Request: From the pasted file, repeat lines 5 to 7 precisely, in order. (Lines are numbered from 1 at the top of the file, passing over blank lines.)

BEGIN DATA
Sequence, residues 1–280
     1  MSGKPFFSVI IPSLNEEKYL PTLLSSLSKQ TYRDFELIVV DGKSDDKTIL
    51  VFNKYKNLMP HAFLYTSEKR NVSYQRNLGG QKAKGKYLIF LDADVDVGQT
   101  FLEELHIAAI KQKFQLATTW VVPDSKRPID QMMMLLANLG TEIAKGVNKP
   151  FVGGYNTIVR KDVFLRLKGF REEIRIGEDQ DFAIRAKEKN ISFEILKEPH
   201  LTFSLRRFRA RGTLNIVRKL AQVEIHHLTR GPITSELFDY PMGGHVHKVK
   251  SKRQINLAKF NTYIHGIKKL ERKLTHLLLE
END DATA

   151  FVGGYNTIVR KDVFLRLKGF REEIRIGEDQ DFAIRAKEKN ISFEILKEPH
   201  LTFSLRRFRA RGTLNIVRKL AQVEIHHLTR GPITSELFDY PMGGHVHKVK
   251  SKRQINLAKF NTYIHGIKKL ERKLTHLLLE